Hey there, time traveller!
This article was published 2/5/2014 (1176 days ago), so information in it may no longer be current.
Traditions in all forms of travel -- by air, by sea, by train -- is breaking down around us, and that includes cruising, of course. It's not necessarily a bad thing.
Not long ago you had a choice of only two dinner seatings: early and late. Period. Norwegian broke that mould with "freestyle dining" -- pick when you eat, and with whom (or not).
Flexibility is important to me when I cruise, and it appears Royal Caribbean's new dining plans will come with Quantum of the Seas when it is launched this fall in New York, and on Anthem of the Seas when it sets sail next year in Southampton.
The main dining room is gone. It's being replaced with what Royal calls "dynamic dining." The cavernous main dining room is being replaced by five restaurants, each with a unique menu, that offer you a choice of where to dine, who to dine with (or not) and when to dine. You can even go formal in The Grande every night.
Here are the new culinary experiences:
-- Chic -- Royal Caribbean claims this contemporary food style will serve the freshest ingredients with degrees of heat for taste, and that everything, such as sauces, will be made from scratch. It's a theme that is playing well for land-based restaurants.
-- American Icon Grill -- Comfort food capable of crossing many borders is what should be expected.
-- Silk -- Referred to as Pan Asian, with a menu featuring dishes inspired by China, India, Japan, Thailand and Vietnam.
-- The Grande -- Formal dining every night you're at sea. The dishes are what you would have found in an era when cruising meant a leisurely pace across the Atlantic.
-- Coastal Kitchen -- A Mediterranean-style restaurant for suite guests only.
All but The Grande are casual.
Royal Caribbean nabs Naked Chef
Royal Caribbean loves associations. Think DreamWorks and Starbucks as examples. Now they're connecting with Jamie Oliver, who first became known to us as the Naked Chef -- nothing to do with a lack of clothes and everything to do with cooking style.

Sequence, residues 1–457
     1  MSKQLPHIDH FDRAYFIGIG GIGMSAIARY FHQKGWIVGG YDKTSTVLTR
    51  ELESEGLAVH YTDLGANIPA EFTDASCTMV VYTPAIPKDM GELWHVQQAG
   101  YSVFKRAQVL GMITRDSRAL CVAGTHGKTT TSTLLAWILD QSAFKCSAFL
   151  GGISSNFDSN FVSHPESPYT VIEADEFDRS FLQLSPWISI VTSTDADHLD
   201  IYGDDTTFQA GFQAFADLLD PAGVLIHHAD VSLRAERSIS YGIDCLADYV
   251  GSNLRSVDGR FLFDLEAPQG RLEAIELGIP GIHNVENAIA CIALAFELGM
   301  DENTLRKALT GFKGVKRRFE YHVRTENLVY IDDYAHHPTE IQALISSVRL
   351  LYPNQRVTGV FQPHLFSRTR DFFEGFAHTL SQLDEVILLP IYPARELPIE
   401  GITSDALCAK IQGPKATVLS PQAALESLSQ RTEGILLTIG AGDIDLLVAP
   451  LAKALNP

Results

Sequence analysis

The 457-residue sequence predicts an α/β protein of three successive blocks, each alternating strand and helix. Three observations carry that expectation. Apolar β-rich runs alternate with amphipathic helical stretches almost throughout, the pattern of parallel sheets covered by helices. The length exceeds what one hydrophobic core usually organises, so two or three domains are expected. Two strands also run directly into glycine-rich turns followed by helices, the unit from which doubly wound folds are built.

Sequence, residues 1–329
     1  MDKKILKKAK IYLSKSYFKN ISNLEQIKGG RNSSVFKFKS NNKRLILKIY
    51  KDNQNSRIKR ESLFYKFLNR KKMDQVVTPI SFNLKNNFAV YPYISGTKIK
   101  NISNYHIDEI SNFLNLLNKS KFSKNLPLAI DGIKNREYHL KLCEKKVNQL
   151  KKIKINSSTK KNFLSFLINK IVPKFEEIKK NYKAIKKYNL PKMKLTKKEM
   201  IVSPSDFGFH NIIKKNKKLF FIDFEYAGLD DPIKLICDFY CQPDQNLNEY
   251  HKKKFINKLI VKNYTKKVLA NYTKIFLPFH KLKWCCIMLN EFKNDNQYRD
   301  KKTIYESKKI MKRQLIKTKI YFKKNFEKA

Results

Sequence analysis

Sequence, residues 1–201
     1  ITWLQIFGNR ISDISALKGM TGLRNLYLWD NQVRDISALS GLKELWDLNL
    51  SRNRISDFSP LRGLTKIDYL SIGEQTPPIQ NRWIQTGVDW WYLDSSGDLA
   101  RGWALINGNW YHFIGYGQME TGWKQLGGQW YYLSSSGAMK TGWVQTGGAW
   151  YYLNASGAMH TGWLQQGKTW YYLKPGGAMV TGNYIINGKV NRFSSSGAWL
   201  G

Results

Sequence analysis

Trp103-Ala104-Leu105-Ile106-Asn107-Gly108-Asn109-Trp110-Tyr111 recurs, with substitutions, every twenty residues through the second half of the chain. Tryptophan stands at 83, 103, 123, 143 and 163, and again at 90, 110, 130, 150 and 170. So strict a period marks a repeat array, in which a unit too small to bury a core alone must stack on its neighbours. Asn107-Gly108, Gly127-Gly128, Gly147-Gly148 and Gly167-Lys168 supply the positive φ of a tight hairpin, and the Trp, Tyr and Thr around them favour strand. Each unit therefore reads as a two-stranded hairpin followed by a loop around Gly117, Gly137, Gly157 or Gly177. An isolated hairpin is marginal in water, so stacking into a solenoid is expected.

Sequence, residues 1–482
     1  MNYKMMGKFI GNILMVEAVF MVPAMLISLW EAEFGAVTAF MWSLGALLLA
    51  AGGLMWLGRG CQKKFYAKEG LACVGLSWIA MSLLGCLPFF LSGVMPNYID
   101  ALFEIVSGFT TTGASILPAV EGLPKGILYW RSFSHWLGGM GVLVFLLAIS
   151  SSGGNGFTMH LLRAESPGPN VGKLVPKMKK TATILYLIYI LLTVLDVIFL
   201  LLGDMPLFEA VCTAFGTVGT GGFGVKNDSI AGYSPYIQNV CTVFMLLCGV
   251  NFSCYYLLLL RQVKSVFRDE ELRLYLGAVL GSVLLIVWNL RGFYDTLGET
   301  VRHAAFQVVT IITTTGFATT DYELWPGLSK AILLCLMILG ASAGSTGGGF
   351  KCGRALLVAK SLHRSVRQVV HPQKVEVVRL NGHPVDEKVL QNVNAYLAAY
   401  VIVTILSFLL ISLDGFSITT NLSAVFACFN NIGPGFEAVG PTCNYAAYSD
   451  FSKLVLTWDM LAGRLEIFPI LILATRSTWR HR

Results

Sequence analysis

A British institution, Jamie has become a crossover hit and is considered a friendly eccentric when appearing on talk shows on this side of the Atlantic. Jamie's Italian will serve Italian favourites using seasonal ingredients for dishes that include seafood bucatini, crab spaghettini and porchetta.
James Beard Award-winning chef Michael Schwartz and Biggest Loser chef Devin Alexander will also have branded restaurants on board, for a fee, which also goes for Jamie's Italian.
Michael's Genuine Pub will offer simply prepared gastro-pub food like slow-roasted pulled pork sliders and devilled eggs ... perfect with a beer. Devinly Decadence at Solarium Bistro aims to keep you slim; the chicken satay in peanut sauce gives a hint that each dish will be under 500 calories.
Other dining experiences include Wonderland, where Royal Caribbean chefs "twist their culinary kaleidoscopes" to create elaborate feasts, and past favourites such as Chops Grille, Izumi Japanese Cuzine and Chef's Table.
In total there are 18 restaurants giving Royal's mealtime a major shakeup. There's a video all about it at Youtube.com/watch?vPP7S38BS7TE, and I added more links to the Quantum ships at Portsandbows.com.
Visit Portsandbows.com, sponsored by Expedia CruiseShipCenters, for daily updates on the latest cruise news, best deals and behind-the-scenes stories from the industry. Phil Reimer may be contacted directly at email@example.com.